Our board currently has three committees: the audit committee, the compensation committee and the corporate governance and nominating committee.

 

Audit Committee

 

The members of our audit committee are Messrs. Murdock, Senoff and Sperling. Mr. Sperling chairs the audit committee. The purpose of our audit committee is to oversee our accounting and financial reporting processes, internal systems of control, independent auditor relationships and the audits of our financial statements. Specific responsibilities of our audit committee include:

 

    appointing, evaluating and retaining our independent auditors to audit our financial statements;

 

    discussing the scope and results of the audit with the independent accountants, and reviewing with management and the independent accountants our interim and year-end operating results;

 

    considering the adequacy of our internal accounting controls and audit procedures;

 

    pre-approving all audit and permissible non-audit services to be performed by the independent accountants, as required by applicable laws;

 

    overseeing and monitoring the integrity of our financial statements and our compliance with legal and regulatory requirements as they relate to financial statements or accounting matters;

 

    reviewing with management and our auditors any earnings announcements and other public announcements regarding our results of operations; and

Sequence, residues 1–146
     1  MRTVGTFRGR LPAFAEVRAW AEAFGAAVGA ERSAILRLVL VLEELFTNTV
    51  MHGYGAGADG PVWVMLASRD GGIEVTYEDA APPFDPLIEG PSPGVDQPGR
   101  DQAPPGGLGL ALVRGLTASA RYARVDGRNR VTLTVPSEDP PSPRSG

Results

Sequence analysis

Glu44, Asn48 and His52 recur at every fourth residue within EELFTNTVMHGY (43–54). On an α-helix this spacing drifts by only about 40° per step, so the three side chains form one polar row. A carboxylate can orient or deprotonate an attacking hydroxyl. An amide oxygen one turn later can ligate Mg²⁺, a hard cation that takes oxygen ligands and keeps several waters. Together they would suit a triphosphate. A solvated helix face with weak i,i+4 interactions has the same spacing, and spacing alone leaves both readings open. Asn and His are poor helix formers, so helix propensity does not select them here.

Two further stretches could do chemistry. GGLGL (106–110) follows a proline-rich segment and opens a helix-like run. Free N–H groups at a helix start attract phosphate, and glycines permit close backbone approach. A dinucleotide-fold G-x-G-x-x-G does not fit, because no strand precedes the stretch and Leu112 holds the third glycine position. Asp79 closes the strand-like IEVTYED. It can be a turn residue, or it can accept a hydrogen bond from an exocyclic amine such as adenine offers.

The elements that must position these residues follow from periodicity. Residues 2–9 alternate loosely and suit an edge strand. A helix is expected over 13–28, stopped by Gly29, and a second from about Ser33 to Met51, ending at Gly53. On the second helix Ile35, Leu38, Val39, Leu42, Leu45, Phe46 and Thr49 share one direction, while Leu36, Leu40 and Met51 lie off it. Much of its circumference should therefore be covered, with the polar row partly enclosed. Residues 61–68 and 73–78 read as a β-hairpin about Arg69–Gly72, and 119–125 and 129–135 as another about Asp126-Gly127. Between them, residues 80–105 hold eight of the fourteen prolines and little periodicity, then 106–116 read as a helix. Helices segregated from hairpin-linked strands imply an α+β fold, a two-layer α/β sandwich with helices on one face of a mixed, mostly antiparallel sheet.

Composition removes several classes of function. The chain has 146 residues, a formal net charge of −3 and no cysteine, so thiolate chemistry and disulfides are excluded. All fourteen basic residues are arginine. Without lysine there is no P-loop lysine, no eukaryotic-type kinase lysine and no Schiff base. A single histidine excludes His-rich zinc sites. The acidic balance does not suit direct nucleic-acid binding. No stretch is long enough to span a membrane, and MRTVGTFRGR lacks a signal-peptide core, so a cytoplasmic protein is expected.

preparing the report that the SEC requires in our annual proxy statement.

 

Compensation Committee

 

The members of our compensation committee are Messrs. Murdock, Senoff and Sperling. Mr. Sperling chairs the compensation committee. The purpose of our compensation committee is to assist our board of directors in determining the compensation of our executive officers, directors and employees. Specific responsibilities of our compensation committee include:

 

    reviewing and determining the compensation of our executive officers;

 

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    administering our stock incentive and employee stock purchase plans; and

 

    reviewing and making recommendations to our board with respect to incentive compensation and equity plans.

 

Corporate Governance and Nominating Committee